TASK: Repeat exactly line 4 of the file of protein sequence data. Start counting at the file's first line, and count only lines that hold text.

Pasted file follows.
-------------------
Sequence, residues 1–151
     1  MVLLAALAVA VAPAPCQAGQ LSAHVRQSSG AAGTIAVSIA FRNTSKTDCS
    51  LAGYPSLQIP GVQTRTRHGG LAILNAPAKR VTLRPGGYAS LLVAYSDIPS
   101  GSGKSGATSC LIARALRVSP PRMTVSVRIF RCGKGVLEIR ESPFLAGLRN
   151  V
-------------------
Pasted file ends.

   101  GSGKSGATSC LIARALRVSP PRMTVSVRIF RCGKGVLEIR ESPFLAGLRN